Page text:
In a remote desert village of storytellers and seers, the accidental revelation of long-held secrets, including a forbidden love affair, unravels a young girl's world.
Staircase of a Thousand Steps lifts the veil from a mystical land, where jasmine and dung mix and the inconceivable is embraced as commonplace.
In a Middle Eastern village that traces its history back to Abraham, the men gather nightly beneath a tree named Moses' Finger, and the women meet at a place where "the earth breathes."
But the midwife Faridah possesses transcendent wisdom and a dangerous scorn for tradition. And the shepherd Harif, seer and village outsider, weaves stories in an effort to protect his fragile status. While Harif's granddaughter, Jammana, struggles between the allure of the ancient world and the tensions of a modern age.
Through an ancestral gift, Jammana experiences the memories of those closest to her - Faridah, Harif, and her mother, Rafa. But as she unwittingly uncovers the village's secrets, old grudges move like a slow burn across the fields and ignite.
Set in Transjordan just before the 1967 war with Israel, Staircase of a Thousand Steps braids a chorus of voices into a poetic, haunting tale of loyalty, longing, and accidental betrayal.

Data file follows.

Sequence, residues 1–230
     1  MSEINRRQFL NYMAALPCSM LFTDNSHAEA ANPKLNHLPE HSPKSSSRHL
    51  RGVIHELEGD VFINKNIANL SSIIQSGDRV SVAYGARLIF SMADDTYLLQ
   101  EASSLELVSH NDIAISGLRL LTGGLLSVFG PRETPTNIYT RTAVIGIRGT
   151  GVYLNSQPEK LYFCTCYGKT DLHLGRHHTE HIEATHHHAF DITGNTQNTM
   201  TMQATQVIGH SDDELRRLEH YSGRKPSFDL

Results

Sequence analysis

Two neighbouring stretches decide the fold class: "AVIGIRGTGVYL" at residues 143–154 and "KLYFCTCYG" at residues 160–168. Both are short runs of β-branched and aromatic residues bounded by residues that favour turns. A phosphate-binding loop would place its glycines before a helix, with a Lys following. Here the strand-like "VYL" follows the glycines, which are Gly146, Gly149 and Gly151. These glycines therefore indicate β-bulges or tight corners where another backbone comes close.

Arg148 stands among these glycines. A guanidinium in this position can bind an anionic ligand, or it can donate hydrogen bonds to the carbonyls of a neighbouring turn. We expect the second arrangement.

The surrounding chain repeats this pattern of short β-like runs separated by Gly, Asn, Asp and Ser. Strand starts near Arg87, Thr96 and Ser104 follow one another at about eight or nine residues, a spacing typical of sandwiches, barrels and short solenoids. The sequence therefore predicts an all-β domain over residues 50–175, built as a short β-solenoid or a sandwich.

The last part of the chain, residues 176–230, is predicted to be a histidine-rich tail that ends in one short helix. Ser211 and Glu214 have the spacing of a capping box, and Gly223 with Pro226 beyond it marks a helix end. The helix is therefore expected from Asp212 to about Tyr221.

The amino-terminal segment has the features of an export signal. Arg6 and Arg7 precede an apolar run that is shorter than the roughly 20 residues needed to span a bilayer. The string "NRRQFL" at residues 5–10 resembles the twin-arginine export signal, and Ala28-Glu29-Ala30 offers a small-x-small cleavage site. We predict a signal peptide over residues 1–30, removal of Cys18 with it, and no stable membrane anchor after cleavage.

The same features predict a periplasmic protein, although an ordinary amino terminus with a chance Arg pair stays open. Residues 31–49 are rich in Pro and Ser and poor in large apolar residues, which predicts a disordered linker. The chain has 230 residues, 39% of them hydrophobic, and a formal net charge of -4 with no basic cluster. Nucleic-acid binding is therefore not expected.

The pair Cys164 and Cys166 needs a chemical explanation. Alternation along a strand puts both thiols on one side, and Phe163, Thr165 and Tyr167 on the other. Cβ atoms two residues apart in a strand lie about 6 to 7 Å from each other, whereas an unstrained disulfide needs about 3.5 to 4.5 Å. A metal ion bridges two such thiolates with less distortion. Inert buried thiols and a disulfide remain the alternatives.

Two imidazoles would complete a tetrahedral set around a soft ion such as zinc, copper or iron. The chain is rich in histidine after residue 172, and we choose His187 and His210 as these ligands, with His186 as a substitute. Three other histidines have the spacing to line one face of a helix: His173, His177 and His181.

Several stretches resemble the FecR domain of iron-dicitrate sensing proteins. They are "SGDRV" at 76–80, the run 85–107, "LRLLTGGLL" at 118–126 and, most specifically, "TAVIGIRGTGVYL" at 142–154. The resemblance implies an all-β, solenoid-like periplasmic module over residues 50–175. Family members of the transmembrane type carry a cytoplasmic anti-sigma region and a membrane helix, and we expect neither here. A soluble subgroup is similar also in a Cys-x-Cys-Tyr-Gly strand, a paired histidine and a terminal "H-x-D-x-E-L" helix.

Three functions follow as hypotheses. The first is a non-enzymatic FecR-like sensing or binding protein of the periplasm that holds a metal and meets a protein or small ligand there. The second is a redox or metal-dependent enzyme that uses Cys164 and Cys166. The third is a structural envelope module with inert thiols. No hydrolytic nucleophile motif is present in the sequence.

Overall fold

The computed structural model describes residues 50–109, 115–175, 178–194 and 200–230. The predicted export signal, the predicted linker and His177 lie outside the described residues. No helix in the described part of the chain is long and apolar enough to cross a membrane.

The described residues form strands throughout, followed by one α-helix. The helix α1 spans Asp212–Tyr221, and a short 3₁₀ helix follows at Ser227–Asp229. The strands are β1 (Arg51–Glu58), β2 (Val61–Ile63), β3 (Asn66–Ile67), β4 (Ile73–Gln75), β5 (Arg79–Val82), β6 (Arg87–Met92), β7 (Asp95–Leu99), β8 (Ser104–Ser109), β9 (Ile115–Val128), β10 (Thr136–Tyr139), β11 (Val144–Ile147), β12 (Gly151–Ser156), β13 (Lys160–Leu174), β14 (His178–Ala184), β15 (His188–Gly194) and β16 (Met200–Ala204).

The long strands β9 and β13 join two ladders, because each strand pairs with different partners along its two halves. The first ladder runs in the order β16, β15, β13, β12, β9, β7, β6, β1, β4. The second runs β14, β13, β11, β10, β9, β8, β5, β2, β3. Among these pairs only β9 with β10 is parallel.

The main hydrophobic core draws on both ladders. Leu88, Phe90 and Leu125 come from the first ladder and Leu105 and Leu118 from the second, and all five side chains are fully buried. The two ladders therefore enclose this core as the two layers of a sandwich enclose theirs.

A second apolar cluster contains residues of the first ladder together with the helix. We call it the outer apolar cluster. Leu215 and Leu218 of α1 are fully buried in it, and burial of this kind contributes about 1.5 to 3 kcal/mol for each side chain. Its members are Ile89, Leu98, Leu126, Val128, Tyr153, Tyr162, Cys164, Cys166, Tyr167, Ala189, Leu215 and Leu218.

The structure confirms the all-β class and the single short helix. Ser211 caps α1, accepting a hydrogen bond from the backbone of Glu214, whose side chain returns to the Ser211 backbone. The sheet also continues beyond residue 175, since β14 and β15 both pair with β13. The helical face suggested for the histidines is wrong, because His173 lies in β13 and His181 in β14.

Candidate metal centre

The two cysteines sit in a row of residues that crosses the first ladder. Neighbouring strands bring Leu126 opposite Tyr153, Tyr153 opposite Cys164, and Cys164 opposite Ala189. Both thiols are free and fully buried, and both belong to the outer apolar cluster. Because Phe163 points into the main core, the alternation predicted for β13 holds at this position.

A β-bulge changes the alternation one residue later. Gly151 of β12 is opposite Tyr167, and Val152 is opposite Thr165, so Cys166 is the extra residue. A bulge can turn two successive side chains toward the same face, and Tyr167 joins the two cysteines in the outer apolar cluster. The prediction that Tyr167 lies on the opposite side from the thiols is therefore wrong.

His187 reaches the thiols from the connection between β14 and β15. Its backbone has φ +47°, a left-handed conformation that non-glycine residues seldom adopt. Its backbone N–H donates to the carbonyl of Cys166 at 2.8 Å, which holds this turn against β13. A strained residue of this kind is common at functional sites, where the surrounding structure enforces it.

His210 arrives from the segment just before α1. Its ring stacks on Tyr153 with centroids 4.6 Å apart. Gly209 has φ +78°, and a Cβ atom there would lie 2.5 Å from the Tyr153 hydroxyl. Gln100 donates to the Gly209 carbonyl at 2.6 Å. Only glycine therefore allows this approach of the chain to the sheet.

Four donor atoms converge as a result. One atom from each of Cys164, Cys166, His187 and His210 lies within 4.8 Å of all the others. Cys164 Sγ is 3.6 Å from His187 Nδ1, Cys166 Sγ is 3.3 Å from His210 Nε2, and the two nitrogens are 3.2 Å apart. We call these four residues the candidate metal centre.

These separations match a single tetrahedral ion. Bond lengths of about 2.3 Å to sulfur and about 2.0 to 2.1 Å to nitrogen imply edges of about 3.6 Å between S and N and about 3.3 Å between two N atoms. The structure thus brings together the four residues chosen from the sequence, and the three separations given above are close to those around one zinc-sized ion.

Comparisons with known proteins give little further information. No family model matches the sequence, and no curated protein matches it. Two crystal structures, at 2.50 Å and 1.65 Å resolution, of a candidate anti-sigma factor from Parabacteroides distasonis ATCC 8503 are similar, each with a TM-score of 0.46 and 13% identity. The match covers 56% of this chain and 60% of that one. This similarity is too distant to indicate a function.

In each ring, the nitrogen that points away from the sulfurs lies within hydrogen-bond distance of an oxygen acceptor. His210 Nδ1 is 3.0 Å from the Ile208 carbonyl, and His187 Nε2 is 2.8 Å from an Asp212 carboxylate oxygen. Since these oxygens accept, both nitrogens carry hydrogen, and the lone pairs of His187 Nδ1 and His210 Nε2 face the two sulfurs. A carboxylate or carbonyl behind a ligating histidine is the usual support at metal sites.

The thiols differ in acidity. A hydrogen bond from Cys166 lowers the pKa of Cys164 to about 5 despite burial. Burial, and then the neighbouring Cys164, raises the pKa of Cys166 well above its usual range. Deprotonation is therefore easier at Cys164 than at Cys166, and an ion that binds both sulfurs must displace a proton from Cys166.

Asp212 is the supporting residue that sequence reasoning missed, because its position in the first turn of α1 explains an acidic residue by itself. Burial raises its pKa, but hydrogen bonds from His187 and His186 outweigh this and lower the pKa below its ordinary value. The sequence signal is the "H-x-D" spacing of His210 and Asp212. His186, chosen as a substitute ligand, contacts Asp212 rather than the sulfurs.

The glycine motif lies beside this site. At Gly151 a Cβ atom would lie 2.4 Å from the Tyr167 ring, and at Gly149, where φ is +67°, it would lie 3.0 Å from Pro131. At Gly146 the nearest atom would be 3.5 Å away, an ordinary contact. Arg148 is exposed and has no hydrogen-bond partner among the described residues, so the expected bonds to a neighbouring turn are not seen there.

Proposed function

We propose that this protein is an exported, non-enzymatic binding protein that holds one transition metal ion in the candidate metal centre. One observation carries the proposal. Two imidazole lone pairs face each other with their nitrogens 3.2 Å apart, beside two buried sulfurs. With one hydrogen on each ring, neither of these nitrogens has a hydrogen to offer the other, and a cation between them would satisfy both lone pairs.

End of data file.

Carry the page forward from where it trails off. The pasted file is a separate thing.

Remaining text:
"Hamilton is a natural storyteller: she weaves past and present artfully together, the narrative moves at a good clip and the mysticism throughout is rendered believably. Readers eager for a much different take on small-town hurts and rivalries will be intrigued by how these elements play out in this sheltered corner of the world." - Publishers Weekly
"At the novel's end, Grandfather exhorts Jammana to remember that 'Past and future are no more separate than the tree trunk from its branches.' His statement confirms much about the inevitable and often perilous clash of established customs with modern or unfamiliar ways, resulting in a tension that Hamilton movingly and beautifully expresses throughout this superior debut. Highly recommended." - Library Journal
"The prose is simple but elegant, and subtle interweaving of the mystical and the mundane makes the novel delightfully compelling." - Booklist
"Starred Review. Here, in a luminous debut, are the voices, real and rarely heard, of traditional Arab women." - Kirkus
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Masha Hamilton is the author of four acclaimed novels, most recently 31 Hours (2009), a Washington Post selection for one of the best novels of the year and an Indie Choice pick by independent booksellers. The Post wrote: "Hamilton has used both her considerable empathy as a writer and her experience in the Middle East to create an intimate portrait ... (She's) made it very hard to tear your gaze away." Publisher's Weekly called it "gorgeous and complex." Hamilton is also the founder of two world literacy programs: the Camel Book Drive, begun in 2007 to supply a camel-borne library in northeastern Kenya, and the Afghan Women's Writing Project, begun in 2009 to foster creative and intellectual exchange between Afghan women writers and American women authors and ...
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